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Aortic pulse wave velocity assessment in CMR: a novel method for transit time estimation


Aortic pulse wave velocity (PWV) is considered as the "gold standard" measurement of arterial stiffness and is commonly calculated as the ratio between the distance separating two locations along the artery and the transit time (Δt) needed for the pressure or velocity wave to cover this distance. PWV is increasingly assessed by means of cardiovascular magnetic resonance (CMR). Our goal was evaluate the efficiency of a novel method for Δt estimation, based on the principle of group delay (TT-GD method).


Flow curves were estimated from phase contrast (PC) images of 30 patients. The TT-GD method operates in the frequency domain and models the ascending aortic waveform as an input passing through a discrete-component "filter", producing the observed descending aortic waveform, so that the group delay (GD) of that filter represents the average time-delay. This method was compared with two previously described time-domain methods: TT-point using the half-maximum of the curves and TT-wave using cross correlation. In order to study the effect of the temporal resolution on ΔT estimates, the original flow curves were downsampled of a factor of two, three and four.


Mean Δts obtained with the three methods were comparable (TT-GD: 28.18±5.36 ms, TT-point: 27.02±5.32 ms, TT-wave: 26.93±4.41; P=0.561).

The TT-GD method was the most robust to reduced temporal resolution (Table 1).

Table 1 Influence of temporal resolution on the Δts estimated from flow curves.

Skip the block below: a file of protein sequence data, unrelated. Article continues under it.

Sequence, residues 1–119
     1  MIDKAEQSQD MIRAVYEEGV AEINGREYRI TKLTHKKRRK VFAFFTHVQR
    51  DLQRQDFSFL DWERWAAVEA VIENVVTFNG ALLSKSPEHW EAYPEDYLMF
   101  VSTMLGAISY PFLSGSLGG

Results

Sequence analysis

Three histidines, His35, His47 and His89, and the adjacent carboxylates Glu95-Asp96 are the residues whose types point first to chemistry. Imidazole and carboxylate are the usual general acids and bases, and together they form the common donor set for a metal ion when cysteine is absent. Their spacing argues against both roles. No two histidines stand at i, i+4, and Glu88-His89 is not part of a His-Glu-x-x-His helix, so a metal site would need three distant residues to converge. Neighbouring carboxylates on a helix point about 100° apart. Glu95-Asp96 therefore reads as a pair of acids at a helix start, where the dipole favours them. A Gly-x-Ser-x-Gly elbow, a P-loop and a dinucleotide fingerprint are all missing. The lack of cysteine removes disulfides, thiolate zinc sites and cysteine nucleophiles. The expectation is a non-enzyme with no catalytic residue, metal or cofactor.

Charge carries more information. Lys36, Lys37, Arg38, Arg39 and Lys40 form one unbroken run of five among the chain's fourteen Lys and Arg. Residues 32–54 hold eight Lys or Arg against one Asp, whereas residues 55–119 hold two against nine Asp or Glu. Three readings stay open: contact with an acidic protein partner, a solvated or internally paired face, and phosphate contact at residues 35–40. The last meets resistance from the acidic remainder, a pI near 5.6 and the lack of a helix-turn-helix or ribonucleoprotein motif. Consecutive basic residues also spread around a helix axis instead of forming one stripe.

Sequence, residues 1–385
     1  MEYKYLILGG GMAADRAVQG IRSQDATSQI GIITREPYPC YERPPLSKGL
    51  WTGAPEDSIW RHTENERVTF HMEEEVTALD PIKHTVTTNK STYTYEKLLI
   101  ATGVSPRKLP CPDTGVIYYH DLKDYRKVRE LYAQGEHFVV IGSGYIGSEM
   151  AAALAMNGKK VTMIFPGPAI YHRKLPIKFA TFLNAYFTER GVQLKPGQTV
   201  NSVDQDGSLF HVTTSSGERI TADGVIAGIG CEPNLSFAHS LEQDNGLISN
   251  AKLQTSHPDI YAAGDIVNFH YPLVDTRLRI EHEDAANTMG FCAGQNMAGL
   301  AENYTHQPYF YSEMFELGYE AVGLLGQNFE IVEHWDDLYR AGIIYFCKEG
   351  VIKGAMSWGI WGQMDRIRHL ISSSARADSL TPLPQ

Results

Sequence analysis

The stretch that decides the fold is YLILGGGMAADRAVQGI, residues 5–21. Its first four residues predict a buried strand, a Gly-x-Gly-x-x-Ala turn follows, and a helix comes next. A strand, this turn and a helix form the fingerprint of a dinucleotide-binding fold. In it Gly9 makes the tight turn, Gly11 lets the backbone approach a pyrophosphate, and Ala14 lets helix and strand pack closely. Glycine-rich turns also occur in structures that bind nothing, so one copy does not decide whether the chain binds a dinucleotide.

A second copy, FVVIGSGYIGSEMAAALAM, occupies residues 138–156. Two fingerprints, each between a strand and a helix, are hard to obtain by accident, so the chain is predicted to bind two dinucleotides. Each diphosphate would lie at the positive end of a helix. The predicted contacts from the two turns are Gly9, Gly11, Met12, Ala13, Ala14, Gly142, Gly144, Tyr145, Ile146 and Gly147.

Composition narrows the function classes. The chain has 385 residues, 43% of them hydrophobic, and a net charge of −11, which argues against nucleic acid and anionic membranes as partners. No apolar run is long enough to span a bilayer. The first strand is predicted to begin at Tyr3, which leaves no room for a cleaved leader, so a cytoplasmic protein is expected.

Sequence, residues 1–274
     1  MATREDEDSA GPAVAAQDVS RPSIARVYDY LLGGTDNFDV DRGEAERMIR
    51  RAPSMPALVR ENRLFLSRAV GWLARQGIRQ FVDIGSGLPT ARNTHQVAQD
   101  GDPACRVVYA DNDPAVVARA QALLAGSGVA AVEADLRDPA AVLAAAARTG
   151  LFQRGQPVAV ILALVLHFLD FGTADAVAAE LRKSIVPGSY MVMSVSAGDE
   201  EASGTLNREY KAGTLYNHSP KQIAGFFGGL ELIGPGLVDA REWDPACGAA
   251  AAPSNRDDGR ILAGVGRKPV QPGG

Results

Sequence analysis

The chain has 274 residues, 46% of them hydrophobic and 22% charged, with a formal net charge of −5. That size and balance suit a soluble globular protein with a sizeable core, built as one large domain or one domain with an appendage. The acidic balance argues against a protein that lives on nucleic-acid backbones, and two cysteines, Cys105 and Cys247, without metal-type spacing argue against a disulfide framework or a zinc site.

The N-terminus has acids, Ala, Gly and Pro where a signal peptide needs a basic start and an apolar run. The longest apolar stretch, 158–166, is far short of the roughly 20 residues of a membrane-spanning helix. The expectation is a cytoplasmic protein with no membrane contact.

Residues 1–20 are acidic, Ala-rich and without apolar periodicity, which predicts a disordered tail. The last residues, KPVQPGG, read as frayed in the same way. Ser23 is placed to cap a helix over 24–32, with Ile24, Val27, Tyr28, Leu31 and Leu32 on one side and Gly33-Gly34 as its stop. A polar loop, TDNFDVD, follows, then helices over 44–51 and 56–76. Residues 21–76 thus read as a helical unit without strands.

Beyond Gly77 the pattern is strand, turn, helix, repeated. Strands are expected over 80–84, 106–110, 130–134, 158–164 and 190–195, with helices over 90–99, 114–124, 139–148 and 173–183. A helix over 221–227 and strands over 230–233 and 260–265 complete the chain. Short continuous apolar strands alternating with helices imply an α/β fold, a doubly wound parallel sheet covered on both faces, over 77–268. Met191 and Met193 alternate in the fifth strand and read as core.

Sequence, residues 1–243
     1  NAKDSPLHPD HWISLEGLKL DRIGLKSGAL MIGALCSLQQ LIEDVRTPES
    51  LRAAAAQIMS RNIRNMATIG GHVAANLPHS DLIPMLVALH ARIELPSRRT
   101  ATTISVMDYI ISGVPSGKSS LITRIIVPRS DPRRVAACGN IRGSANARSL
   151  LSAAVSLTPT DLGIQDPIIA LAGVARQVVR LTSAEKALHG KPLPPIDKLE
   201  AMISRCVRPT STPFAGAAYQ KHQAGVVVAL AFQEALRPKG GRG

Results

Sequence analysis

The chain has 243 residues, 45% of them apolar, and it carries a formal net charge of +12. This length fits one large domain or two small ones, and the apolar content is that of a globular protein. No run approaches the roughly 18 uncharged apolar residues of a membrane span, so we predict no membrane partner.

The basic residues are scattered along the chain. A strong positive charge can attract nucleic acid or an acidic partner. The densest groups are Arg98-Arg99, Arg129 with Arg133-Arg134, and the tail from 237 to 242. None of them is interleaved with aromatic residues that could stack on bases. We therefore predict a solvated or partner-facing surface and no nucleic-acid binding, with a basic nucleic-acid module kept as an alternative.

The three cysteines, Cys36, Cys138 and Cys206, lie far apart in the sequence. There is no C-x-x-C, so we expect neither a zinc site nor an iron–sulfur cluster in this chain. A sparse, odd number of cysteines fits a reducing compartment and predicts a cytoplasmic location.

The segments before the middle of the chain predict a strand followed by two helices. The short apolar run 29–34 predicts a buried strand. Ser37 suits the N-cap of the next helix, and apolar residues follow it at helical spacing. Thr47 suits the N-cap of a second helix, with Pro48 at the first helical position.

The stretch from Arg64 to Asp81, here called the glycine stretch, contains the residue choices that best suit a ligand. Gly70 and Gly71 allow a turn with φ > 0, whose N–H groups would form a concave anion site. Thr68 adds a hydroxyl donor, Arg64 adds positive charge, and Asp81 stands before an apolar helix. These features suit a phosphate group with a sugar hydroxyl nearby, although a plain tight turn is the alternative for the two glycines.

While the TT-GD as well as the TT-wave produced comparable results for velocity and flow waveforms (coefficient of variability or CoV: 4.81% and 5.04, respectively), the TT-point resulted in significant shorter Δt values when calculated from velocity waveforms (CoV=8.71%, mean difference: 1.78±2.73 ms).

The TT-GD method was the most reproducible, with an intra-observer variability of 3.38% and an inter-observer variability of 3.67%.


Since the TT-GD method operates in the frequency domain, it was more robust to reduced temporal resolution than either of the time-domain methods. Moreover, it was more robust to the waveform type and more reproducible.


This work was part of National Institutes of Health trial supported by the National Heart Lung and Blood Institute grant # 1 RO1 HL075592-01A1.

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Meloni, A., Zmyewski, H.M., Pepe, A. et al. Aortic pulse wave velocity assessment in CMR: a novel method for transit time estimation. J Cardiovasc Magn Reson 15, E25 (2013).

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  • Cardiovascular Magnetic Resonance
  • Arterial Stiffness
  • Pulse Wave Velocity
  • Flow Curve
  • Temporal Resolution